DA's pro-GMO stance will lead country into food crisis, Greenpeace warns

Press release - October 16, 2012
Unabated approvals of genetically-modified crops threaten—not enhance—food security, Greenpeace warned at today’s observance of World Food Day. The environment group is calling on the Department of Agriculture to safeguard the country’s food security by banning genetically-modified organisms (GMOs) which promote agricultural monopoly by giant agro-chemical corporations—aside from causing harm to human health and the environment.

"The DA’s relentless approvals of GMO crops will lead the country into a food crisis,” said Daniel Ocampo, Sustainable Agriculture and Genetic Engineering Campaigner for Greenpeace. “By seeking to control the food system from the crop’s gene—not seed—up to the table, GMO corporations are forcing Filipino farmers into a corner by promoting dependence on industrial chemical inputs such as harmful pesticides and herbicides, which tie farmers into a never-ending circle of debt and less choices for what seeds or crops to plant. Far from being a solution, GMOs extend all the worst practices of industrial agriculture. And, perversely, its widespread adoption would lead to more hungry people—not fewer.”

Among all of Southeast Asia, the Philippines has approved the most number of GMOs. Since December 2004, at a rate of almost one GMO every 1.5 months, the country has approved a total of 67 GMO crops, for food, feed and processing, propagation, and field trial. No GMO application in the Philippines has ever been disapproved despite documented cases on questions of their safety and rejection by other countries. In fact, some GMO crop varieties, such as GMO corn, that are actually banned in other countries due to health concerns, are allowed in the Philippines. Significantly, the government's system of regulation and assessment of the safety of GMOs remains closed to the public.

Pro-GMO lobby groups and policy makers have cited hunger alleviation to justify GMO approvals. However, a recent UN Food and Agriculture Organization report stated that there are 5.4% more hungry people in the Philippines now, compared to the previous decade—even as hunger substantially decreased in the same period in all other countries in Southeast Asia—majority of which do not plant GMO crops. For example, the number of chronically hungry people decreased most dramatically Thailand (79.8%), a country which does not plant GMOs. [1]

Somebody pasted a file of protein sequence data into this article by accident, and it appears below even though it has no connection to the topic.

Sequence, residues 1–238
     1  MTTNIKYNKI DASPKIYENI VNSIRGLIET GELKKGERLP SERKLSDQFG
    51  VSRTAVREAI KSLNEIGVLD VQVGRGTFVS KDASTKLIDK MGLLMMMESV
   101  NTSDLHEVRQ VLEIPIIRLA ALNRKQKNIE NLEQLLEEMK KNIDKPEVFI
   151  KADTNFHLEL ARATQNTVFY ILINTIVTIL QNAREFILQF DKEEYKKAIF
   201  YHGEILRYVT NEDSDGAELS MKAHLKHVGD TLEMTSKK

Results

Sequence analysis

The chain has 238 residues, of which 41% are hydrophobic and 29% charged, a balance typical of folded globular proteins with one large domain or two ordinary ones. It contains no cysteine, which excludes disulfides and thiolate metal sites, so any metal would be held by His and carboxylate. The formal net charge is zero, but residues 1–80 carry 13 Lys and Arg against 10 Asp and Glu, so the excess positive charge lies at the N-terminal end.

Technological solutions presented as silver bullets to solve hunger, such as GMOs, shift the focus away from the real solutions and hide the true causes of hunger which derive from social and environmental problems. Greenpeace says that the government must acknowledge that a large part of the problem is giant agro-chemical corporations which are hell bent on marketing GMOs and the industrial farming system it maintains, with little regard to health, environmental, and economic consequences.

Fundamental changes in farming practices are needed in order to address soaring food prices, hunger, social inequities and environmental harm. But while the DA has taken the first step toward this solution through the Organic Agriculture Act of 2010, this effort continues to be undermined by continued approvals of GMOs, as well as support of commercial research to propagate these harmful modified crops.

“GMOs do not play a substantial role in addressing the key problems hunger and poverty, and food safety and security.

The government’s rabid support of GMOs is completely irresponsible because it supports industrial farming practices and chemical dependence that would endanger, rather than improve, the country’s agricultural sector. By approving GMOs, the government is actually compounding the food problem, not solving it,” said Ocampo.

“The government must reexamine their misplaced focus on industrial farming which has diverted government funds from supporting ecological solutions that ensure food security and sound environment. As a start, the DA must cancel all GMO approvals and instead support ecological alternatives that will guarantee a healthy, viable and sustainable agriculture to feed the country,” he concluded.

Notes:

  1. The State of Food Insecurity in the World 2012 http://www.fao.org/publications/sofi/en/

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